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With the news last week that CNN’s long time interviewer and host Larry King was retiring, most people on the Internet (being what it is) were as quick to make a joke about his suspenders as they were to spread the news like wildfire. We here at The Intellogist Blog focus on the scholarly aspect of life and would never stoop so low as to reduce an accomplished newsman’s career down to what he wore. That said, here’s a brief history of suspenders patents:
Doing a statistical analysis of a keyword search in PatBase I was able to identify US Classes 2/300 through 2/342 as relating to suspenders (or braces, if you’re from the UK). With this class limitation in place I limited searches by date and patent number and found what I believe to be the first US patent on suspenders: US 1,490, “Construction of Buckles and Clasps” by Peters, published on February 18, 1840. This was undoubtedly not the first instance of suspenders, since they are purported to have been invented by Albert Thurston in 1820. Regardless, I think we can marvel at the “new and useful Improvements in Buckles, Clasps, Hooks and Eyes, and other Fastenings Principally Applicable to Wearing-Apparel.”
A year later, on September 4, 1841, Cook patented US 2,237, “Method of Attaching Suspender-Straps to Pantaloons.” I especially enjoy the drawing which directly labels the pantaloons, a nice touch.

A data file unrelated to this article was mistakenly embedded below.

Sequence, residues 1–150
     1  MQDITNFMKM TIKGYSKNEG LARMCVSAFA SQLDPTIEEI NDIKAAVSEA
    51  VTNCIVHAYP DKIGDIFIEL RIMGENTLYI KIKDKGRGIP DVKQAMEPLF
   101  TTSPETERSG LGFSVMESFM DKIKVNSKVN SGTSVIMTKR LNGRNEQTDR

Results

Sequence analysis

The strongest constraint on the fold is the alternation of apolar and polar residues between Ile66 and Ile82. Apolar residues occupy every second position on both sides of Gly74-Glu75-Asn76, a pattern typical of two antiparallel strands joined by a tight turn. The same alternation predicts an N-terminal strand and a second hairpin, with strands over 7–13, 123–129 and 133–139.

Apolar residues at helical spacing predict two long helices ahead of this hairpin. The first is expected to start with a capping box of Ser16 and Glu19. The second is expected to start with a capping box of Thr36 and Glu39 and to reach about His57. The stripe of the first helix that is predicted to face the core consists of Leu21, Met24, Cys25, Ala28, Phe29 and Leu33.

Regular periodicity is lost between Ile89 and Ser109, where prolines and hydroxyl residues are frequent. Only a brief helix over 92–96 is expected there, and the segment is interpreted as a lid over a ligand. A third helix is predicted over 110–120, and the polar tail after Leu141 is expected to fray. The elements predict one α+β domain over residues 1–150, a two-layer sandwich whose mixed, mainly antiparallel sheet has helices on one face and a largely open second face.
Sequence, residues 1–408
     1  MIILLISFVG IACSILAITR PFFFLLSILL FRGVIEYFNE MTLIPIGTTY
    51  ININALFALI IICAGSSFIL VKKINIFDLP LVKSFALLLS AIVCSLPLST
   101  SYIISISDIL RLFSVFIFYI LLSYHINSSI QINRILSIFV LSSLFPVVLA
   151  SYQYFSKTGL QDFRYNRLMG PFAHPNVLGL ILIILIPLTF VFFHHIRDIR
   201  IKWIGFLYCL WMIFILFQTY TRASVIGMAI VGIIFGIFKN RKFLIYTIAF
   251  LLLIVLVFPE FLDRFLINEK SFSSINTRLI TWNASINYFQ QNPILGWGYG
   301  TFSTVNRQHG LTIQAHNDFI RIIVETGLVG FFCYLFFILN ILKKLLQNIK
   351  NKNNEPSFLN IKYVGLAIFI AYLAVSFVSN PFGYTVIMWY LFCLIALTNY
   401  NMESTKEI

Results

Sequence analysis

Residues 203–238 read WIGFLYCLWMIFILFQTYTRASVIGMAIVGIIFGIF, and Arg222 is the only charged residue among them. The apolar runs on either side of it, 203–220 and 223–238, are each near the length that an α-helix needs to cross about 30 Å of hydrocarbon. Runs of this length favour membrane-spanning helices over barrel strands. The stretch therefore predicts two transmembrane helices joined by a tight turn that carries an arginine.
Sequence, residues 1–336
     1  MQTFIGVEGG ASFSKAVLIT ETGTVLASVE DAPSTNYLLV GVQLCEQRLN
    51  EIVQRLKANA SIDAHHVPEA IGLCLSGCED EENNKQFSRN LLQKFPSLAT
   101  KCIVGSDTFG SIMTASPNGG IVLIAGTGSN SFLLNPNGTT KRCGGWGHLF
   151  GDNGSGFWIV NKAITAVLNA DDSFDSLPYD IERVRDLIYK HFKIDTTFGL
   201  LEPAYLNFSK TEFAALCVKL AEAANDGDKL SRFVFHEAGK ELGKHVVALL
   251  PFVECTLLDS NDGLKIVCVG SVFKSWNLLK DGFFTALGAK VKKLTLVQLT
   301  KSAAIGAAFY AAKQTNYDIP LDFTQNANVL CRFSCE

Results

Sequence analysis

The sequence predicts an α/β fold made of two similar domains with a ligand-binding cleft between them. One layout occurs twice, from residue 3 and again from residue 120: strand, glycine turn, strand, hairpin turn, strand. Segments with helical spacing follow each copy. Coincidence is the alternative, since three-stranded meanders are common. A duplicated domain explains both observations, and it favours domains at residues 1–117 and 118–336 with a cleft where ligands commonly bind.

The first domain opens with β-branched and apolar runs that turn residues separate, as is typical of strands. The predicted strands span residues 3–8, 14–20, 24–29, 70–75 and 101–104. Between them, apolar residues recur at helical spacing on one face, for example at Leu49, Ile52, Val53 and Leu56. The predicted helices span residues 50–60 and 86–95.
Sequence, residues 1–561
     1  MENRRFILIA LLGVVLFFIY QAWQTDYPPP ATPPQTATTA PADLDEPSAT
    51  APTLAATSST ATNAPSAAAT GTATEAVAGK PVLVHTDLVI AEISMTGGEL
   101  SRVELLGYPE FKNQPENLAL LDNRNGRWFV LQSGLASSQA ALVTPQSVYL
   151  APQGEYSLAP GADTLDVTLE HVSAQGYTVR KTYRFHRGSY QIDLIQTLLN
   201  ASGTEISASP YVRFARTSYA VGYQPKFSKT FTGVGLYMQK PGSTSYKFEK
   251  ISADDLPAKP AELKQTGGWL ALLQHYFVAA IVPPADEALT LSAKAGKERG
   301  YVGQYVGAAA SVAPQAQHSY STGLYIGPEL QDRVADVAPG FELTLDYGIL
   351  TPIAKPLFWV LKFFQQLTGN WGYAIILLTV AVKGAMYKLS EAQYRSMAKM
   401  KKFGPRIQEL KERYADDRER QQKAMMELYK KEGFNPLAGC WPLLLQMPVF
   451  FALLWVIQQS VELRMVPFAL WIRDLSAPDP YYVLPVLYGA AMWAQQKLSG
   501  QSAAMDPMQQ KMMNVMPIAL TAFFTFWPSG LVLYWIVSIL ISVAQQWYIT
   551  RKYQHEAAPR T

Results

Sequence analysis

Fast forwarding to the 20th century, we see the development of the two pronged trouser attachments that Mr. King is known for. US 1,564,905, “Suspenders” invented by Simmons on December 8, 1925 shows a nice stitched criss-cross back (with reinforcement, naturally) and button hole tab on the ends for securing to pants.
More recent suspender inventions span a wide range of uses:
- – Device for Detachably Holding an Absorbent Napkin Across the Torso, Glasmire, January 4, 2005. This might be useful if you’re a champion hot dog eater.
- – Strap Assemblies and Methods of Use Thereof, Meyer, September 14, 2004. A suspender like harness for medical equipment.
- – Garter with Pouch for Auxiliary Items, Cooper, September 25, 2008. While not a pants-to-torso suspender…this was too good to pass up putting in this post. A flask? Really?
With 4,226 patents in the US classifications between 2/300 and 2/342, there’s no shortage of suspenders patents out there. Perhaps Mr. King can start up his own suspenders IP holding company once he hangs it up at CNN!
This post was edited by Intellogist Team member Chris Jagalla.